In the 2015 murder case against James David Rentfro, of Hartsville, he is scheduled to appear in court on February 10, 2017, set or settle.
On Sunday morning, May 17, 2015, the Macon County Sheriffs Office received a call from a woman at 273 Beech Hill Lane, stating that her husband was acting strange and officers responded to the address.
Sheriff Mark Gammons and Detective Darrell Taylor also responded. While investigating, they found that James David Rentfro, 27, had came from the New Harmony Road residence of Mr. Sherman Brady. “He had went there and shot Mr. Brady numerous times,” Sheriff Gammons stated in 2015. “Brady was pronounced deceased at his home.”
The sheriff also stated that the weapon used in the shooting had been recovered and Rentfro had been charged with murder.
In the 2016 attempted murder case against William Jason Brawner, of Lafayette, he is scheduled to appear in court on February 6, 2017.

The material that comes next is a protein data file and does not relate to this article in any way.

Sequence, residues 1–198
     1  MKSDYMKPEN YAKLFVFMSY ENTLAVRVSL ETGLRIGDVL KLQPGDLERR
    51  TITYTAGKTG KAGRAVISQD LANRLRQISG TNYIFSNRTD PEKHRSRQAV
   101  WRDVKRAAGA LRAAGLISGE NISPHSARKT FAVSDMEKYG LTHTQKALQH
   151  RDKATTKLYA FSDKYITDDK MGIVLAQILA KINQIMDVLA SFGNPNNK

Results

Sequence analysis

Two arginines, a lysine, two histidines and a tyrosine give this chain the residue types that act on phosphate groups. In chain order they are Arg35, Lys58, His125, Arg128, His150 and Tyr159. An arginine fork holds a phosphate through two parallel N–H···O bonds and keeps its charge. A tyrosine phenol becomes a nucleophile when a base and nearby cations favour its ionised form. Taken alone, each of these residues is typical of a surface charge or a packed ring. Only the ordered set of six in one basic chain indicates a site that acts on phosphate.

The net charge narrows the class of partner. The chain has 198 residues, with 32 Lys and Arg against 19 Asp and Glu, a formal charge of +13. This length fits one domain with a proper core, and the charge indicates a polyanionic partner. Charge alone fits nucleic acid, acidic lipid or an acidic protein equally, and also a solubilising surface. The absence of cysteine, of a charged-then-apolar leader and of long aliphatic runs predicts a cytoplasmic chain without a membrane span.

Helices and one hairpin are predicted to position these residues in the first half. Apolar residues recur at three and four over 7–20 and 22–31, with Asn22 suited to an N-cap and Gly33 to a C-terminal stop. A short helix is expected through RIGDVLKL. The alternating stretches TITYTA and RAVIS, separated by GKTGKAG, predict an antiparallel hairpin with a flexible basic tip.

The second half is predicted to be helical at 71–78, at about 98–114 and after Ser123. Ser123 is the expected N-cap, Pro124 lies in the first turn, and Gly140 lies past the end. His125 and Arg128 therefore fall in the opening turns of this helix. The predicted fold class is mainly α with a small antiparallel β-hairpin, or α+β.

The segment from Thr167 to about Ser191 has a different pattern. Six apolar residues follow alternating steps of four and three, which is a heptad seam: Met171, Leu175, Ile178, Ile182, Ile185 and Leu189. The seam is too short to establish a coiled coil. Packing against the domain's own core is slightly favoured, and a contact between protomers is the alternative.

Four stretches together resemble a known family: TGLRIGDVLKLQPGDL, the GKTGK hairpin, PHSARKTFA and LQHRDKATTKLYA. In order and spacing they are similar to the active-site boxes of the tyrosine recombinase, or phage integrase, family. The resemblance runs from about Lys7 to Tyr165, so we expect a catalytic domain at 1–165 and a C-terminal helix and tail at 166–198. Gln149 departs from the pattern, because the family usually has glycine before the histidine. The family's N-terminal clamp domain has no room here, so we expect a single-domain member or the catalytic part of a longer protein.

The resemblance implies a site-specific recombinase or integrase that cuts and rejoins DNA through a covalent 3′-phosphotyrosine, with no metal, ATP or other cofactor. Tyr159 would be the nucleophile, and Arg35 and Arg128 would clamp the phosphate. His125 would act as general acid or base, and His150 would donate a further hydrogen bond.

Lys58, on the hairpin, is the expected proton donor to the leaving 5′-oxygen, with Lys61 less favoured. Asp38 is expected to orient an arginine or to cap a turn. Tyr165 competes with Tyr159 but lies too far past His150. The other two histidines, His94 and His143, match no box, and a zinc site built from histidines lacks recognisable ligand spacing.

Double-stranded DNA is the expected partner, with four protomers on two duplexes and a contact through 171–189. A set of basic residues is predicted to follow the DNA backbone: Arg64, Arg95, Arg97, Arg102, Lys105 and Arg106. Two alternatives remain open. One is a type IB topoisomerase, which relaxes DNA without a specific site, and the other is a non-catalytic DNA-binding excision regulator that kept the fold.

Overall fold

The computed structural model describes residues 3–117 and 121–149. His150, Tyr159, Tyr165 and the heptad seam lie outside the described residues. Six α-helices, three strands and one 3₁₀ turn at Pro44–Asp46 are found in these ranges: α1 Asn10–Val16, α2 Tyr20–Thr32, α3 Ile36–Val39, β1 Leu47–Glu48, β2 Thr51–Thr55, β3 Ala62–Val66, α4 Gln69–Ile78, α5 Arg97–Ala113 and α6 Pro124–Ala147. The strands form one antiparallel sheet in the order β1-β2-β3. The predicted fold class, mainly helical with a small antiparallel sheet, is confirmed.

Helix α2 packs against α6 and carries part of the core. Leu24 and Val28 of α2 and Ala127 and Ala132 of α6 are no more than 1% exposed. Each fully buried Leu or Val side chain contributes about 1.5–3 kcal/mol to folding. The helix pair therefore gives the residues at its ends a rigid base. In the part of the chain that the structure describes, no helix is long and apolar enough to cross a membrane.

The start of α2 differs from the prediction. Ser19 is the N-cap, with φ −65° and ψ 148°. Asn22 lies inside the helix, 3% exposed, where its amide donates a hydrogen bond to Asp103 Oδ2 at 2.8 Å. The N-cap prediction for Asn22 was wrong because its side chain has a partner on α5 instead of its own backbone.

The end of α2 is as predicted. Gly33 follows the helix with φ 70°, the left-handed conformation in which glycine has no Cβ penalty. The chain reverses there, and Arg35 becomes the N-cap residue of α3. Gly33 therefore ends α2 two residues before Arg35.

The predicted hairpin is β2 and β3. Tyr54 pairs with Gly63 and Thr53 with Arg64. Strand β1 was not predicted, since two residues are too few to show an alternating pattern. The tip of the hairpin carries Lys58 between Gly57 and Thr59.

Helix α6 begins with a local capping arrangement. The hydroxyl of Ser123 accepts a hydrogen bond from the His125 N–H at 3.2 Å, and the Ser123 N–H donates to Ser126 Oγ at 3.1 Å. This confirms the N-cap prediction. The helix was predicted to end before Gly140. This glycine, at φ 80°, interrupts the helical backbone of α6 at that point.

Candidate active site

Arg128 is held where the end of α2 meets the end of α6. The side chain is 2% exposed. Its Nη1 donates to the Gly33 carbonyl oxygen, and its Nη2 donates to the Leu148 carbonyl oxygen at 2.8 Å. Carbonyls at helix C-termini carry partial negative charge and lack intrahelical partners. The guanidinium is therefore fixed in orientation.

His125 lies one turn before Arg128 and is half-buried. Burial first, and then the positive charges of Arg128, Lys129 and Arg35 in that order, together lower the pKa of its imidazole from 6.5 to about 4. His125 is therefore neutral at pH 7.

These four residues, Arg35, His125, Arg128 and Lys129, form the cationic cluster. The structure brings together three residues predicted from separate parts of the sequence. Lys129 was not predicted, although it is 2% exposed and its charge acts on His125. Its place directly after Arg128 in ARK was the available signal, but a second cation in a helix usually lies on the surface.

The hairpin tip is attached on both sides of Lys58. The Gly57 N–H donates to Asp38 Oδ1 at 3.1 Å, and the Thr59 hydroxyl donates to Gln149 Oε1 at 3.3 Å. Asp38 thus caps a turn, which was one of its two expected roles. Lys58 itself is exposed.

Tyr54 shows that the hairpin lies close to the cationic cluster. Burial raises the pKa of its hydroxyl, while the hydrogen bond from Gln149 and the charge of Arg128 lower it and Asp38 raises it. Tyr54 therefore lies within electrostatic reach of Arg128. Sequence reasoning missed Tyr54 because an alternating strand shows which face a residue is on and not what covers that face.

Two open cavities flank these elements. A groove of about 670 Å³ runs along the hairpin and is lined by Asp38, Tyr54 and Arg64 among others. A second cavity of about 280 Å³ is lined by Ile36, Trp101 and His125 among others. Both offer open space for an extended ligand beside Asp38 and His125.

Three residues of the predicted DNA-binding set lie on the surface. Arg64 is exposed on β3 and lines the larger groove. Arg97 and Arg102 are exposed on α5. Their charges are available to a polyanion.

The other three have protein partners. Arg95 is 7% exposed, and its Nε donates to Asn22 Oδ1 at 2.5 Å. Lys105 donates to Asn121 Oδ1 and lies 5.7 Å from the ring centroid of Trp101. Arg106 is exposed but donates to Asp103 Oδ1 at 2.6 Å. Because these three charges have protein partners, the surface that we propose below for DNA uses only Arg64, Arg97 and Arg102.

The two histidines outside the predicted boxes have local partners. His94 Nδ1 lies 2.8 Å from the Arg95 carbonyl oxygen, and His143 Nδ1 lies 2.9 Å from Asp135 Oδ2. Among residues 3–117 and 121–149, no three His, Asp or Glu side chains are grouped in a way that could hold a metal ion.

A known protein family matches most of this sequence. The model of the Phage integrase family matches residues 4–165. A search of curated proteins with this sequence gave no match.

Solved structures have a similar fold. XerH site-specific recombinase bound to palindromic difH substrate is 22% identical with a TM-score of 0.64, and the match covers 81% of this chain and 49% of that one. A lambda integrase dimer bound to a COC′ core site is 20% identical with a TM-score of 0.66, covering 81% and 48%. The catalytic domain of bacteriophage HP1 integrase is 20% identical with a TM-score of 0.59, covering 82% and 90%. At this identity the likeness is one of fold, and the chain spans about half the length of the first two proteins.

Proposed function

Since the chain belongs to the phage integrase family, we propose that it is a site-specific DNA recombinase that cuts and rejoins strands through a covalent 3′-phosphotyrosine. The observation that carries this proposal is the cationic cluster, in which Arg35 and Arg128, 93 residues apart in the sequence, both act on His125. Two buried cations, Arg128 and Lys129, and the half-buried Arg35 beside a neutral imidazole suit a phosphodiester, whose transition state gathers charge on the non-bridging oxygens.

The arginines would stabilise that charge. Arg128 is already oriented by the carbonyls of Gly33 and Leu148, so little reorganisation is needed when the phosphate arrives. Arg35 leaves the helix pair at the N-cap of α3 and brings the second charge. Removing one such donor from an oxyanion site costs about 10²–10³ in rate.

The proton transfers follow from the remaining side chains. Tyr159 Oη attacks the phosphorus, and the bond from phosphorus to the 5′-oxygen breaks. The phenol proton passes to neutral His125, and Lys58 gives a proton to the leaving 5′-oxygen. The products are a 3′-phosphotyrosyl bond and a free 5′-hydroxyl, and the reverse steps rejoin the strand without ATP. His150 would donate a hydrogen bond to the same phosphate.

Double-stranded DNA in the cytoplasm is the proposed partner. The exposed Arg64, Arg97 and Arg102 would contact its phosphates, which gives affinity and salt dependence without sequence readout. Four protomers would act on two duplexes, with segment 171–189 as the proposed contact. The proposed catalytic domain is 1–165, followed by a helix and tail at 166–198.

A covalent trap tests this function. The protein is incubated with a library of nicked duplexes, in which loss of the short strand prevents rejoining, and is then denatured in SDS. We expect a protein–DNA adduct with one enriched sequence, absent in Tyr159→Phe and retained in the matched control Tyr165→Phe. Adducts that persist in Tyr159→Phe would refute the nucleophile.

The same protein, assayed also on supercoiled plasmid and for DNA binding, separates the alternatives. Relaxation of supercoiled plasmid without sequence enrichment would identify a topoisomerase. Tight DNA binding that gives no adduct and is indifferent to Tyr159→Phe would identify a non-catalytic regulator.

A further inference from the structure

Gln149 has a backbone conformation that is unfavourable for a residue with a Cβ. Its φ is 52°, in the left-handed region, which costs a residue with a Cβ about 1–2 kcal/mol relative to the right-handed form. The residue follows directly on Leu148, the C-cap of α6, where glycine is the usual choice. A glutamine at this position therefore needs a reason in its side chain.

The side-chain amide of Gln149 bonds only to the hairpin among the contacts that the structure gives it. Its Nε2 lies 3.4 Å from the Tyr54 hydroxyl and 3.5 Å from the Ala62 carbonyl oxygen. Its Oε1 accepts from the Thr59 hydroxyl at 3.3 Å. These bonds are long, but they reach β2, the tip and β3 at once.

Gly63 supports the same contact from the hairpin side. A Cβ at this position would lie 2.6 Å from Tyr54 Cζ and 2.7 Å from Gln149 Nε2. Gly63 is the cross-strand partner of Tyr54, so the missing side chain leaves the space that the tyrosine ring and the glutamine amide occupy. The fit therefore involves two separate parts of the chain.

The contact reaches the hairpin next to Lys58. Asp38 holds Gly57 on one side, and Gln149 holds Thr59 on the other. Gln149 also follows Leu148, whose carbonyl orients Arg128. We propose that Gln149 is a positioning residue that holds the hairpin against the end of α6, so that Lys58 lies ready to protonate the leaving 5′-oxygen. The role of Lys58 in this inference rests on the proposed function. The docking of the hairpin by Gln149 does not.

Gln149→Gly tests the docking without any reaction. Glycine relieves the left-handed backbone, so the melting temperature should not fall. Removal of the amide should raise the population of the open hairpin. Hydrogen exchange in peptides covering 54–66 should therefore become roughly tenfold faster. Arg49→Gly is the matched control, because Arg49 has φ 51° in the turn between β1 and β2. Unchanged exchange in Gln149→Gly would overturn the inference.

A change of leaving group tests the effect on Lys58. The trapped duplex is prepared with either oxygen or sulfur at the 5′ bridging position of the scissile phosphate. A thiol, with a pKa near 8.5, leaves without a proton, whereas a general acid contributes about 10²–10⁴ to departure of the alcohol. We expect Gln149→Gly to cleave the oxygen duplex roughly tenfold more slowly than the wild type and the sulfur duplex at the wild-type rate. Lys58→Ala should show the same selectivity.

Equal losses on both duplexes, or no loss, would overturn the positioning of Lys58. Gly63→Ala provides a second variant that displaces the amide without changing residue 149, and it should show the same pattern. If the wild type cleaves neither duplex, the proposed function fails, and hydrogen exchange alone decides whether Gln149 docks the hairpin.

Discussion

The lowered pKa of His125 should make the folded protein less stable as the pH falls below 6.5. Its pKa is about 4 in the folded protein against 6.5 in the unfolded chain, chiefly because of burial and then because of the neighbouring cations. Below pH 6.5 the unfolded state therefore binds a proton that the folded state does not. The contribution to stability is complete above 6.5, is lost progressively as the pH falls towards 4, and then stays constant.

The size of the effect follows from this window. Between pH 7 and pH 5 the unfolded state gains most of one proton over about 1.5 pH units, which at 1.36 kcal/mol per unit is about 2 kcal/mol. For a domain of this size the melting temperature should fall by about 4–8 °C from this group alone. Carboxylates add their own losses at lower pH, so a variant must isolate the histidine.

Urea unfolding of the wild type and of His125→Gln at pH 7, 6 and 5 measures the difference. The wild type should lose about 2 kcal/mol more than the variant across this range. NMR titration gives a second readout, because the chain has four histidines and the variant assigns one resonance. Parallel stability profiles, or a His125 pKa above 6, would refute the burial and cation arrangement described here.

On Saturday, July 16, 2016, the Lafayette Police Department was called to 612 Days Road, where Krystal Dawn Brawner was reported to have been hit in the head with a tire iron by her husband, William Jason Brawner.
According to Officer Derrick Gann, who was the first responding officer, upon arrival he found Krystal Brawner covered in blood and asking for help “before her husband killed her”.
The officer opened the back door of his patrol car and advised Krystal and two of her children to get inside.
After back up arrived, the officers approached the residence and began to clear it. They found another child sleeping in a bedroom, who appeared to be unharmed. However, Mr. Brawner had already left the scene.